Bonnie Prince Charlie
Things worsened for the clans after the Glorious Revolution of 1688-9 when the Stuarts were replaced by William of Orange and the Hanoverian dynasty. There were many Scots still fiercely loyal to the Stuart monarch, and this led to several Jacobite uprisings in support of Prince Charles Edward Stewart, or ‘Bonnie Prince Charlie’, who was James VII’s grandson. The Jacobites wanted to oust what they saw as an illegitimate ruler and reinstate the Stuart king. There were several rebellions with this as the intended outcome, and there was a swell of support for the Jacobite movement in the highlands. This was further fostered in many ways by the Act of Union of 1707: many Scots felt betrayed by this and there was widespread opposition to the joining with England. This led to further support for a return of the Stuart monarchy and by consequence, the Jacobite rebellions.
From 1725 onwards, garrisons manned by English soldiers or ‘redcoats’ sprung up all over the Scottish Highlands, notably at Fort William and Inverness. These were to suppress Scottish opposition to the King and to remind the highland clans that they were subject to English rule.
The final and bloodiest rebellion was led by Bonnie Prince Charlie himself in 1745 and it culminated in the slaughter at Culloden in 1746. The Jacobites faced the English redcoats on an open field and were almost annihilated. They were no match for the might of the British army and the losses suffered by the highlanders were catastrophic. The Jacobites were around 6,000 strong whereas the British army numbered around 9,000. Of the 6,000 Jacobites, 1,000 are thought to have died, although the exact number is unknown. Many of those who died were clansmen; some tried to escape but were hunted through the countryside and slaughtered. Some prisoners were taken to London where around 80 were executed, including the last man to be beheaded in Britain, Lord Lovat, Clan Chief of Fraser. He was beheaded at the Tower of London in 1747 for high treason for his part in supporting the Jacobite rebellion. The Battle of Culloden was to be the swan-song of Highland Clan culture, the last stand of a way of life that had existed for centuries.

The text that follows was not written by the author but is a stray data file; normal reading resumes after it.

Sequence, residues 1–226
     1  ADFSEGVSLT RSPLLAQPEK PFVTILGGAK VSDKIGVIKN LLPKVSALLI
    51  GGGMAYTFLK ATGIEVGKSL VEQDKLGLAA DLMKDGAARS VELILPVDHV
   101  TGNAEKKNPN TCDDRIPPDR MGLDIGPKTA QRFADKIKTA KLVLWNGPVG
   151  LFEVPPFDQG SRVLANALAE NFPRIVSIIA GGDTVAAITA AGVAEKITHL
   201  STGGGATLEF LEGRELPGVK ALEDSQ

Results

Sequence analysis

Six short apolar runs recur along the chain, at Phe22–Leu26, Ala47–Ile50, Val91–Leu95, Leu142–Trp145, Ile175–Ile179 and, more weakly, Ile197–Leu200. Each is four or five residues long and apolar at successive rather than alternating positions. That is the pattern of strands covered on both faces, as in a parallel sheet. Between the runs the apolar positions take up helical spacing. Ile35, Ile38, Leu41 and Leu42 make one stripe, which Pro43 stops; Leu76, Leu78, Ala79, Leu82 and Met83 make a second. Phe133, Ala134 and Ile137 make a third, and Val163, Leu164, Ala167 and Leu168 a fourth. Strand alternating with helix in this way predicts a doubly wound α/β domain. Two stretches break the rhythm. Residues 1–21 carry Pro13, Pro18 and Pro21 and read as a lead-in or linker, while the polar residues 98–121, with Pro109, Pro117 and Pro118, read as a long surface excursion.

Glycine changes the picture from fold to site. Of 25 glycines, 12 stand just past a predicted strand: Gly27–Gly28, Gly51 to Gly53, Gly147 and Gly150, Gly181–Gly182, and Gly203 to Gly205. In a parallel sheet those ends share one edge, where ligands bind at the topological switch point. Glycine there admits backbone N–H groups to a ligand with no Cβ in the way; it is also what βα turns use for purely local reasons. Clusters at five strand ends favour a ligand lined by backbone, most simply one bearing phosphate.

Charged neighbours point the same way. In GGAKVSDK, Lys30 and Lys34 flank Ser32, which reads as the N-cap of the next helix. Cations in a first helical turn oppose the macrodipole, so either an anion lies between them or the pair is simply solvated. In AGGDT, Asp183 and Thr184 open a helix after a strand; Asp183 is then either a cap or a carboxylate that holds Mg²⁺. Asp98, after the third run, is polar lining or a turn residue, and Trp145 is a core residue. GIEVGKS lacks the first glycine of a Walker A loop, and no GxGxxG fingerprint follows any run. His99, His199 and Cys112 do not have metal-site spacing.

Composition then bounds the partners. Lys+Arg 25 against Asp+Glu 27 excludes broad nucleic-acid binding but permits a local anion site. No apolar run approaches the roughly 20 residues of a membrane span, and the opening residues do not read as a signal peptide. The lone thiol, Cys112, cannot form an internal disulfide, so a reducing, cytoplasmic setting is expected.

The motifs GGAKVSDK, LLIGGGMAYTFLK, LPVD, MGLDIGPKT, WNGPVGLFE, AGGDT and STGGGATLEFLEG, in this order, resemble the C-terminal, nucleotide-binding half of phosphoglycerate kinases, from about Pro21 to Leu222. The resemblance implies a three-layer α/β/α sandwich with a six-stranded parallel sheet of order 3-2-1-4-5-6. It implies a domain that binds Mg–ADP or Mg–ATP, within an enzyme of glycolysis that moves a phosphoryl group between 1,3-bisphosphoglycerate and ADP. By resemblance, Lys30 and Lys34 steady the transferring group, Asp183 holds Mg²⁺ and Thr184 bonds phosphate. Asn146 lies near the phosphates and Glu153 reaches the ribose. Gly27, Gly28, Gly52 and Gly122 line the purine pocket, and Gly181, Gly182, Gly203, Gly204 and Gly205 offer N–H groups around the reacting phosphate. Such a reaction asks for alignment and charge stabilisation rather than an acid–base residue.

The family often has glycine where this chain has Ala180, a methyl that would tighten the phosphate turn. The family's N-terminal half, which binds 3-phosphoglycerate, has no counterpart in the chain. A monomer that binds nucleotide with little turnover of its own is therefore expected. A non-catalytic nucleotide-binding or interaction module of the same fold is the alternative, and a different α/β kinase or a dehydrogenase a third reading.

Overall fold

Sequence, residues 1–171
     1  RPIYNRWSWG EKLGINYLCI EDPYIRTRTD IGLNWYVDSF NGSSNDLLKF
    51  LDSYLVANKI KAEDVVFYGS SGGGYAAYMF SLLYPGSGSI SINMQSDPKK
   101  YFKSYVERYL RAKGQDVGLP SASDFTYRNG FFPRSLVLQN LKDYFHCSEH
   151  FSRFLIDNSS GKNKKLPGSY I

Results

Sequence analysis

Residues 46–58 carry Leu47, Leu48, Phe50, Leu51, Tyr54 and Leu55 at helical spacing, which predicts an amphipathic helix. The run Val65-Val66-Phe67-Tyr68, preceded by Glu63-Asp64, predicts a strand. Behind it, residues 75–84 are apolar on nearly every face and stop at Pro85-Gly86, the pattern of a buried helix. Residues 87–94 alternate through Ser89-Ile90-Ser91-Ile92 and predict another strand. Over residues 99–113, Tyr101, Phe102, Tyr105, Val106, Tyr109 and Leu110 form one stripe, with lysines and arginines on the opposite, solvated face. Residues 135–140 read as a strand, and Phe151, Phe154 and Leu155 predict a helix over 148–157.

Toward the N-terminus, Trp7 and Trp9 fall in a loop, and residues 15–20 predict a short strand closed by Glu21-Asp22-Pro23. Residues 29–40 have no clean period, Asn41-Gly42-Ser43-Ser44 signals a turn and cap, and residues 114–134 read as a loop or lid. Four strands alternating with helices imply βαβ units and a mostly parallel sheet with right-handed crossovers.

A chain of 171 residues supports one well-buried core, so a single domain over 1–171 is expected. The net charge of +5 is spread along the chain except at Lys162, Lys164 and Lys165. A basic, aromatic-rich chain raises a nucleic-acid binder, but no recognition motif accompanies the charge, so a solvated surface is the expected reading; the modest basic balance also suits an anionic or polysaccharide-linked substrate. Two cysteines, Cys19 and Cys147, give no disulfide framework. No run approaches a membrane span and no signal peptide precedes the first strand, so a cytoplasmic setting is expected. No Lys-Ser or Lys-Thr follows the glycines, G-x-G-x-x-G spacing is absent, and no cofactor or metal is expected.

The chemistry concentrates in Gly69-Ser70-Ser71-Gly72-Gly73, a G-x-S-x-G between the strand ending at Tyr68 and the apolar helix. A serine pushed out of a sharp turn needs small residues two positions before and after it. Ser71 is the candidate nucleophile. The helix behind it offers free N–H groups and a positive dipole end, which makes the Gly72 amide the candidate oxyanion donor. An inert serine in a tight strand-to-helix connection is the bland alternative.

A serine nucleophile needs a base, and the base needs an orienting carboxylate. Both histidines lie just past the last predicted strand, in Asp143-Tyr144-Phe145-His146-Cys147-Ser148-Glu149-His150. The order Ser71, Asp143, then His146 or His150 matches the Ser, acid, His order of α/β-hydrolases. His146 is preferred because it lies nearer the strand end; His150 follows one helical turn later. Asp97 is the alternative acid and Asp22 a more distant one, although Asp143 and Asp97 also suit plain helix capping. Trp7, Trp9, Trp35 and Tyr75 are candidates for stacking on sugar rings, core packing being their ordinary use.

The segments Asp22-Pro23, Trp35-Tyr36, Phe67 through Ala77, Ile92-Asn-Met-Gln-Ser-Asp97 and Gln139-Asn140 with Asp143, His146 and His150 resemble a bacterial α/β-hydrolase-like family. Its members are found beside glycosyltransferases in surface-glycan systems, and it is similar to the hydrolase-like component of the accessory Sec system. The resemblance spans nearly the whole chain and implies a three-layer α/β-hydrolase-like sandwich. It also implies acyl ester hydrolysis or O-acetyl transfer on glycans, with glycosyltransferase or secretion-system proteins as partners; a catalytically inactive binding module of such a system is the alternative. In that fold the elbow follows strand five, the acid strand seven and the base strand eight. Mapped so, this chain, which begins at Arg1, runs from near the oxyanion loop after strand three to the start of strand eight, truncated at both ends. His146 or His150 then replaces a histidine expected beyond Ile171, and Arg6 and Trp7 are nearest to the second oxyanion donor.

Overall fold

What happened after Culloden?